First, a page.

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Care for Aging Cats

By June Jackson

Care for Aging Cats

Just like their human companions, cats experience a gradual decline in organ function as they age. These age-related changes include a natural slowing of the cat's resting metabolic rate (RMR), resulting in a decrease in muscle and an increase in body fat, which also increases the likelihood of obesity. While energy needs vary from pet to pet, cats between the ages of 7 and 9 years are at the highest risk for obesity. It is important for you to watch your cat's intake, weight status and physical activity to help offset age-associated loss of muscle.

Remember that your aging pet has the same nutrient needs as during her earlier years, however the quantities and the way in which they are provided may have to change. As its metabolism changes, select a diet that's less energy-dense, while still providing essential nutrients.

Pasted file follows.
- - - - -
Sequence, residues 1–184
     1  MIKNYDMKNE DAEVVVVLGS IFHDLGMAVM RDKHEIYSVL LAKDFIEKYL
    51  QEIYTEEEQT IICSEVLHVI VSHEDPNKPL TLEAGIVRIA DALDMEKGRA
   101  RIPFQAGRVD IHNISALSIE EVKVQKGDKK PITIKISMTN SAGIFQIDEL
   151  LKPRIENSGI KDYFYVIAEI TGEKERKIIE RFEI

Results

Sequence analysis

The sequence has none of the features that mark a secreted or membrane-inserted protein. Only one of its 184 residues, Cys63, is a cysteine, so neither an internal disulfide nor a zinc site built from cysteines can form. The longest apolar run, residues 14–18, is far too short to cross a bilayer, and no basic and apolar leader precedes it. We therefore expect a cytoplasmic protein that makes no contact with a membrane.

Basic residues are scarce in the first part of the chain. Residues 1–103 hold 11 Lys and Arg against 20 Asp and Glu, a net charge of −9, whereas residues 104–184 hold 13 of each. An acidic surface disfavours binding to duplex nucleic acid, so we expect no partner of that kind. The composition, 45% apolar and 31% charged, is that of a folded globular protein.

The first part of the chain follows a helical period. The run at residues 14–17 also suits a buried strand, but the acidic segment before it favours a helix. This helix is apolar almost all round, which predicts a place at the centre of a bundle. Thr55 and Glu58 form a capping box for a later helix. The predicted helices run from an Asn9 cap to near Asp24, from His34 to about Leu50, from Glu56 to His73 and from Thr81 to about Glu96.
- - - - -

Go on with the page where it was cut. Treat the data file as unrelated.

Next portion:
Visible Signs of Aging
A sure sign that your cat is entering old age is when it does not jump onto its favorite perch as easily, sleeps more, and moves more slowly when awake. In addition, the skin loses its elasticity and becomes less pliable. The decrease in skin elasticity may result in areas of hair loss. Old age also brings a decrease in bone mass. This may be due, in part, to the inadequate absorption of calcium. The age for these developments is around 12 years in cats. Arthritis commonly occurs in older pets, too, and can be made worse by obesity. Some of this can be managed by proper nutrition, medical therapy and nutriceuticals.

Old age in general may result in a reduction in response to a cat's surroundings and partial loss of vision, hearing and taste. To avoid startling your loving pet, it's a good idea to let your cat see your hand in front of its face before touching and to call the animal by name before approaching.